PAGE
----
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Penguin: The Man Of Burningham Town

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The Man of Burningham Town (from The Penguin Book Of English Folk Songs)


Alan of Australia 19 Mar 00 - 01:36 AM
Joe Offer 12 Feb 04 - 03:24 PM
GUEST 29 Oct 13 - 12:14 PM
Dave Hanson 29 Oct 13 - 12:54 PM
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Subject: Penguin: The Man Of Burningham Town ^^
From: Alan of Australia
Date: 19 Mar 00 - 01:36 AM

G'day,
From the Penguin Book Of English Folk Songs, Ed Pellow's rendition of the tune of The Man Of Burningham Town can be found here.

THE MAN OF BURNINGHAM TOWN

It's of a man of Burningham town,
He had a handsome wife,
And she did love bad company
As dear as she loved her life, boys, life,
As dear as she loved her life.

Now this poor man would go to sea,
His living for to get.
Where he made one penny, she spent two.
It was all for want of wit, boys, wit,
It was all for want of wit.

Now this poor man came home from sea,
It being all late in the night,
He enquired after his own dear wife,
His joy and his heart's delight, boys, light,
His joy and his heart's delight.

Oh, the servant girl she made this reply,
With a voice so wonderful strong:
'She's gone unto the neighbour's house,
And I think she may tarry there long, boys, long,
And I think she may tarry there long.

'Oh, shall I go and fetch her home?'
The poor man begun for to think.
'Oh no,' says he, 'I'll go there myself,
For I think I could do with a drink, boys, drink,
For I think I could do with a drink.'

Now, as he was a-going along of the road,
He heard such a wonderful noise.
And who should it be but his own dear wife,
Along with the Burningham boys, brave boys,
Along with the Burningham boys.

He heard her say: 'Fetch us another full glass,
And I will sit down on your knee,
And we'll fairly well make this old tavern to roar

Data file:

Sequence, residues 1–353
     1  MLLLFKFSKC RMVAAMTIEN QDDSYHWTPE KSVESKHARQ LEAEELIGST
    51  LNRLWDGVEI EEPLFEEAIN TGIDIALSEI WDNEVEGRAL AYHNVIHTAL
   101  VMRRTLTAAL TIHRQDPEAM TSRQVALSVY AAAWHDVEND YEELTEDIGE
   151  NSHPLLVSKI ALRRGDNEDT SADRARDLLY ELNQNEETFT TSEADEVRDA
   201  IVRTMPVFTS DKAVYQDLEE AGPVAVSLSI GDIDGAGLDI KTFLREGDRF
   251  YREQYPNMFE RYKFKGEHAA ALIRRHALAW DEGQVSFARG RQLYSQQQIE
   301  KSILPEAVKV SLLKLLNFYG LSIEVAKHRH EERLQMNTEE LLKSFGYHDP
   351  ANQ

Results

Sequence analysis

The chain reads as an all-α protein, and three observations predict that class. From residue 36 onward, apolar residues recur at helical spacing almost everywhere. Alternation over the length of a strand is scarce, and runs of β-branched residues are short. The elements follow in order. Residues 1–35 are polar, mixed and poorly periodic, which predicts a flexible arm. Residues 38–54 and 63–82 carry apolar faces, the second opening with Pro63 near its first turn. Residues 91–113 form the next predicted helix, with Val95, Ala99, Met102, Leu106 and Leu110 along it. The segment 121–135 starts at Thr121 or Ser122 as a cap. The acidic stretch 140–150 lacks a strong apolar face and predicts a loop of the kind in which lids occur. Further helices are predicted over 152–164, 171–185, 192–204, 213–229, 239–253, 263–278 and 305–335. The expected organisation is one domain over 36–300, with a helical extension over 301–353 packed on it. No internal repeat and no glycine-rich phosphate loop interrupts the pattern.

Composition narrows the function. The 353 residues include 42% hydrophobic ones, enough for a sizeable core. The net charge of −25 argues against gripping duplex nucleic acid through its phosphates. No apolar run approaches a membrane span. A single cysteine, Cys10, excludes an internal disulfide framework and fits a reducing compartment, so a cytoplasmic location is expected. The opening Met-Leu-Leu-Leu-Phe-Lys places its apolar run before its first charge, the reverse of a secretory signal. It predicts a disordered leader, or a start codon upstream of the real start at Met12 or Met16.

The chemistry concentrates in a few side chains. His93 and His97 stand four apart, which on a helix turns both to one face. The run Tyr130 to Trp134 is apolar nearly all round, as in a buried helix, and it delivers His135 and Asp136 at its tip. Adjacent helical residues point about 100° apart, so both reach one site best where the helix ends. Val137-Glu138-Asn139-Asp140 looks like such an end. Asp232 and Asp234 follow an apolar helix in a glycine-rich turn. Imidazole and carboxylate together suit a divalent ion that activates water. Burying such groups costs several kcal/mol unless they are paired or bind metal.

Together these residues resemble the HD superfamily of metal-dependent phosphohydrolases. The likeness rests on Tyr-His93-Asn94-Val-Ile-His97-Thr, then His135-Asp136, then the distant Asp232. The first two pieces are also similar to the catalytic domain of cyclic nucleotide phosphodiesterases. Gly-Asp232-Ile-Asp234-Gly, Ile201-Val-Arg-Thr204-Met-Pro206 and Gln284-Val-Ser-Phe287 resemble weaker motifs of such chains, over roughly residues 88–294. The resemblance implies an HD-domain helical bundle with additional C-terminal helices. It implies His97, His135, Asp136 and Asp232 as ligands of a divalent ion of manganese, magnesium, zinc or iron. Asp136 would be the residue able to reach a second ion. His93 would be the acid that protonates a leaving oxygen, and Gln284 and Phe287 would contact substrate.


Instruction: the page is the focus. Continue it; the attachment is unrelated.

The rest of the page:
While our husbands are on the sea, boys, sea,
While our husbands are on the sea.'

This poor man he stood at the door in a maze;
His heart it was very nigh broke,
Then he went back home and he sent out the maid,
While he prepared a rope, boys, rope,
While he prepared a rope.

Then she came a-jumping and skipping in,
Gave him such a joyful kiss,
Saying: 'You're welcome home, my kind husband so dear.
Long time you have been missed, boys, missed,
Long time you have been missed.'

He beat her once, he beat her twice,
Till she was wonderful sore;
And she cries out: 'Oh, my husband dear,
I'll never do the likes any more, boys, more,
I'll never do the likes any more.'

So come all you girls of Burningham town,
A warning take by me;
And don't you spend your money to waste,
While your husband is on the sea, the sea,
While your husband is on the sea.

For if you do they'll make you rue,
And curse the hour you were born,
For the cuckolding of your husband dear,
They'll make you wear the horn, boys, horn,
They'll make you wear the horn.

Sung by Mr Locke, Rollesby, Norfolk (R.V.W. 1908)

Previous song: The Manchester 'Angel'.
Next song: The Mermaid.


Cheers,
Alan ^^


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Subject: RE: Penguin: The Man Of Burningham Town
From: Joe Offer
Date: 12 Feb 04 - 03:24 PM

Here are the notes from Penguin:
    The Man of Burningham Town
    (FSJ IV 84)
    Another homilectic ballad that, like "The Daughter of Peggy" and "On Monday Morning," treats of a drastic cure for errant wives. Among H. E. D. Hammond's manuscripts is a version of this song (called The Man of Dover) collected in Dorset in 1905. E. J. Moeran published a Norfolk version (FSJ VII 8). Our words are filled out from these two sets. The singer sang 'Burningham', apparently meaning Burnham (on Crouch), not Birmingham.

And from the Traditional Ballad Index:

Man of Burningham Town, The

DESCRIPTION: A man of (Burningham) goes to sea; his wife spends her time carousing. He returns to see her out on the town; he sneaks home and sends the maid to announce his arrival. She proclaims her delight, but he beats her with a rope. She promises to reform.
AUTHOR: unknown
EARLIEST DATE: 1904 (Sharp MS)
KEYWORDS: infidelity marriage warning return abuse humorous sailor
FOUND IN: Britain(England(South,Lond))
REFERENCES (2 citations):
Vaughan Williams/Lloyd, pp. 68-69, "The Man of Burningham Town" (1 text, 1 tune)
Kennedy 195, "The Birmingham Boys" (1 text, 1 tune)

Roud #665
RECORDINGS:
Harry Cox, "The Birmingham Man" (on HCox01)
ALTERNATE TITLES:
The Man of Burnham Town
In Burnham Town
The Man of Dover
File: VWL068

Go to the Ballad Search form
Go to the Ballad Index Instructions

The Ballad Index Copyright 2004 by Robert B. Waltz and David G. Engle.


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Subject: The Man Of dover
From: GUEST
Date: 29 Oct 13 - 12:14 PM


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Subject: RE: Penguin: The Man Of Burningham Town
From: Dave Hanson
Date: 29 Oct 13 - 12:54 PM

Guest waited 9 years to say nothing, well done.

Dave H


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